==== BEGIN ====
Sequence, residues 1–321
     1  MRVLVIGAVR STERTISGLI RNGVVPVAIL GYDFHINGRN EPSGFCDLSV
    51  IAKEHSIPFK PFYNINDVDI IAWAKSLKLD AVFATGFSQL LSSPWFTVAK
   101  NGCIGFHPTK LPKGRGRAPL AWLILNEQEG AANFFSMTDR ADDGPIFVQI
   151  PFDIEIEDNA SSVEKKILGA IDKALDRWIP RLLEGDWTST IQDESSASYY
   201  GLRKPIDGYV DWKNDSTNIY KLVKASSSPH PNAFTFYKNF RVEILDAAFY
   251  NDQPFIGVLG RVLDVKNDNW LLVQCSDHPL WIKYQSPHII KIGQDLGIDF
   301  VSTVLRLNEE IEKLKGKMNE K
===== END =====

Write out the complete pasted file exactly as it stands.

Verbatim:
Sequence, residues 1–321
     1  MRVLVIGAVR STERTISGLI RNGVVPVAIL GYDFHINGRN EPSGFCDLSV
    51  IAKEHSIPFK PFYNINDVDI IAWAKSLKLD AVFATGFSQL LSSPWFTVAK
   101  NGCIGFHPTK LPKGRGRAPL AWLILNEQEG AANFFSMTDR ADDGPIFVQI
   151  PFDIEIEDNA SSVEKKILGA IDKALDRWIP RLLEGDWTST IQDESSASYY
   201  GLRKPIDGYV DWKNDSTNIY KLVKASSSPH PNAFTFYKNF RVEILDAAFY
   251  NDQPFIGVLG RVLDVKNDNW LLVQCSDHPL WIKYQSPHII KIGQDLGIDF
   301  VSTVLRLNEE IEKLKGKMNE K